Once you experience the wonder of very simple campaigns, you won’t ever go back to making them complex.
Everything you do in SEM needs to be done in the context of one campaign at a time and extreme focus on making those searches turn into your customers (yes, we just repeated that). You probably have heard of Single Theme Adgroups. Well, we actually believe you should go further to isolate the campaigns that will yield profit.
Create separate campaigns, with only one adgroup in each, that are focused on one set of search terms and one customer need. One set of seach terms that represent a few variations on how a real buyer might go about trying to find a real provider of what they want.
At the risk of seeming overly dramatic, there is simply no single piece of advice we could provide you that would more positively affect your SEM efforts than: Keep your campaigns simple. When designing a new campaign, work backwards from a particular customer need and a particular conversion type. Create a lot of very small, focused campaigns that let you clearly see what is happening. Find the profit for a minimal investment. Abandon the losers before you invest a lot.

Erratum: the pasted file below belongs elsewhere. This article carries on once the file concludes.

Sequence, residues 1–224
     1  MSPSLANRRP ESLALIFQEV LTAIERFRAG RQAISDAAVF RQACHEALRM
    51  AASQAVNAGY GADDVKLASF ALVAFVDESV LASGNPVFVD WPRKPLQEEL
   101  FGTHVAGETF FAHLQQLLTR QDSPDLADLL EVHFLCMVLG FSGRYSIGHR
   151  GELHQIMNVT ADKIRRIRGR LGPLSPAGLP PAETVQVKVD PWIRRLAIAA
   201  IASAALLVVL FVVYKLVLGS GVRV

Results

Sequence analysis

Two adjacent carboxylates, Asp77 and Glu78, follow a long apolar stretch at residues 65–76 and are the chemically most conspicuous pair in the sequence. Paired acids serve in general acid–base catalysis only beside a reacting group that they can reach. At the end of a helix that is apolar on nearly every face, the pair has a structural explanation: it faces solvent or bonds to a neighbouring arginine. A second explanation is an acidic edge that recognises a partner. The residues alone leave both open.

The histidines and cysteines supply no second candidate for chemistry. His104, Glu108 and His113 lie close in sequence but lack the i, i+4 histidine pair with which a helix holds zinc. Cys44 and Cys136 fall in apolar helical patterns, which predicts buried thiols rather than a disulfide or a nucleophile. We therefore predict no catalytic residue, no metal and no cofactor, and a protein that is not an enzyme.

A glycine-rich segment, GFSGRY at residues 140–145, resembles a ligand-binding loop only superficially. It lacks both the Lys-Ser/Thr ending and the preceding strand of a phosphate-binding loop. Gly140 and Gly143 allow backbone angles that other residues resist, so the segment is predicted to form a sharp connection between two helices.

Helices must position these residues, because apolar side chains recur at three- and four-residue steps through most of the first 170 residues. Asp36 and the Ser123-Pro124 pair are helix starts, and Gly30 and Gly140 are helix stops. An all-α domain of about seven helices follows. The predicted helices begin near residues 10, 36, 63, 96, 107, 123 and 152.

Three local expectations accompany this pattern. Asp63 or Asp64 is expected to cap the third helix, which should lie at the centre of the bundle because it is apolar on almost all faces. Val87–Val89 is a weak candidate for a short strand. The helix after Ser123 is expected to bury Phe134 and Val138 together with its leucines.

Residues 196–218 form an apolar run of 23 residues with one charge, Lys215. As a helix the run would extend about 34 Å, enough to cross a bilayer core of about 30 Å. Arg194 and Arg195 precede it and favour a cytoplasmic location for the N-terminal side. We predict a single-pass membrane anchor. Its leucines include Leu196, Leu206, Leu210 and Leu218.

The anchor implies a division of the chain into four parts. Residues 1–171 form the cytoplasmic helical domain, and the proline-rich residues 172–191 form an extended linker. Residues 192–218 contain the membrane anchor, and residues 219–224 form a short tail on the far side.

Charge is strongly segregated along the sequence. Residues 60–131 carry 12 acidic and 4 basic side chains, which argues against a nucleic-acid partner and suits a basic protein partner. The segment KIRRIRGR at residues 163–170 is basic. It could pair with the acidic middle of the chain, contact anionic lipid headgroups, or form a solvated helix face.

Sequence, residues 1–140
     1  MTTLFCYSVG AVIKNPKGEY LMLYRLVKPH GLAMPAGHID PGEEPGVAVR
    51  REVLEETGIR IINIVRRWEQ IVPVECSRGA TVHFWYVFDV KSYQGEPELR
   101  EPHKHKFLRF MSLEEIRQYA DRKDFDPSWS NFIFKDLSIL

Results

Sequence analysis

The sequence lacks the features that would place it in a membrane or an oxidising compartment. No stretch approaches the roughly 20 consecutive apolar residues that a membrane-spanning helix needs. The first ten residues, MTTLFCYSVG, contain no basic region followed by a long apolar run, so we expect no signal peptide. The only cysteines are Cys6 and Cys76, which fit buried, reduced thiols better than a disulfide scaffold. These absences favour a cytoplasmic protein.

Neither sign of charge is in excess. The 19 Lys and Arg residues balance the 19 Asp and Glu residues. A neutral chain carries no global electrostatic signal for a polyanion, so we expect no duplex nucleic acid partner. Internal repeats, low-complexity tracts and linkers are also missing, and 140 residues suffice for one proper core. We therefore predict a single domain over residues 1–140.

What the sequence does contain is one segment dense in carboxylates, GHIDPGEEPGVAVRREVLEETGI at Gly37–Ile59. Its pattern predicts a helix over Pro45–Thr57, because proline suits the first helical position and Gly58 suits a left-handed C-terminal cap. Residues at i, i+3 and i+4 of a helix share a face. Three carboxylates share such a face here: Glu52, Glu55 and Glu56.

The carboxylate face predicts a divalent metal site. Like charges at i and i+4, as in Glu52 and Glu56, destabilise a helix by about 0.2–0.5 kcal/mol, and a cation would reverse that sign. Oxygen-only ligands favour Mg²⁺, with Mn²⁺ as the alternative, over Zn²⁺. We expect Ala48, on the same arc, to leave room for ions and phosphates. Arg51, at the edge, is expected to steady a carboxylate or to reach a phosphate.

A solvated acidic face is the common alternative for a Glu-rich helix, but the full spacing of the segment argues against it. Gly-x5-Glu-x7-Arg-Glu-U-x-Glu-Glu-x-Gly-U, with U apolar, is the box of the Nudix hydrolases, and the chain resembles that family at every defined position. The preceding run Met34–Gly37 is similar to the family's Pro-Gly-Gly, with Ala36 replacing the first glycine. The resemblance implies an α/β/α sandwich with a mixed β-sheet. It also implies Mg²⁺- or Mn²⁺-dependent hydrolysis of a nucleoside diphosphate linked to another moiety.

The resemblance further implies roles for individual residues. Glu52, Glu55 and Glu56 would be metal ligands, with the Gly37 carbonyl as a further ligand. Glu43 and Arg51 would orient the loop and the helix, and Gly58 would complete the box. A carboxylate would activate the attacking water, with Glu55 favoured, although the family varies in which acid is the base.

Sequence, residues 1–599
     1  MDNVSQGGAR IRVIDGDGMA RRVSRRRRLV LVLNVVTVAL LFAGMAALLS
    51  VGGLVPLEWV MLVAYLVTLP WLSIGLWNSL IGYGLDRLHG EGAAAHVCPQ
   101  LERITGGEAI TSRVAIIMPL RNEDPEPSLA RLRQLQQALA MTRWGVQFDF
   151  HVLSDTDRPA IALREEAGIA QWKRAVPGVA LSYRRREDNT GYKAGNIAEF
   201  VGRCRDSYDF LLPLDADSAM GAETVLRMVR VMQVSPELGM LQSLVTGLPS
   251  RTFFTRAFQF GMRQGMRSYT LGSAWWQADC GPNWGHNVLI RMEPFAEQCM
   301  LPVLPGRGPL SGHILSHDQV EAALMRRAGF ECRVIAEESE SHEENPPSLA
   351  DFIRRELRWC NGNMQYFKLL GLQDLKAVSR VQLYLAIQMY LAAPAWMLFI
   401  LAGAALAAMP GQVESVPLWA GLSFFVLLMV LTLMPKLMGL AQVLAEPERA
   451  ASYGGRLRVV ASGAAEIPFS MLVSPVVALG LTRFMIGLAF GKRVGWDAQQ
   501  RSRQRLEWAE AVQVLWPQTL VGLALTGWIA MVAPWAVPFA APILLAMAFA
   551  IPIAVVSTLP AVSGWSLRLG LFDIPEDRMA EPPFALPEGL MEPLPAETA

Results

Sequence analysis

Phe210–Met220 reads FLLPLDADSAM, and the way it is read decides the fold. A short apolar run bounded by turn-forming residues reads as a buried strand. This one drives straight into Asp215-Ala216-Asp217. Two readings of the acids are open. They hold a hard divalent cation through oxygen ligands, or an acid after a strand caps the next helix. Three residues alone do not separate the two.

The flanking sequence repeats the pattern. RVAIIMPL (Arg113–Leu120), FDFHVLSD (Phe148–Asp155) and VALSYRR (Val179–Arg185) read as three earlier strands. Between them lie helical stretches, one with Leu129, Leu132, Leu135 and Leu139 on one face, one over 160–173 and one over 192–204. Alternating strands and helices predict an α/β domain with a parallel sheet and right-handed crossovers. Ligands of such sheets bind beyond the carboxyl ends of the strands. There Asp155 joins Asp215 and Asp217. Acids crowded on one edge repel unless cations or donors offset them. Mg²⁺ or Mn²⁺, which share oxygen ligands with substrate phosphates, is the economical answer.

Don't waste all your best people's time creating reports that try to parse out the performance of particular device types, schedule segments, locations, or landing pages. Just don't combine those things in one campaign in the first place!
If you start small – you’re going to quickly learn all about how campaigns work, and perform, and need fixing – all in little time while wasting very little money. Here’s a partial list of the ways Google Ads will reward you for starting small:
- You’re not going to need much time to develop keywords and ads.
- You're not going to have any trouble developing a focused landing page.
- You’re not going to spend much money while evaluating performance.
- You’re going to learn a lot about budgets and bids for very little money.
- You’re going to easily understand your performance reports.
- You’re going to know if you generated any business or calls or visits.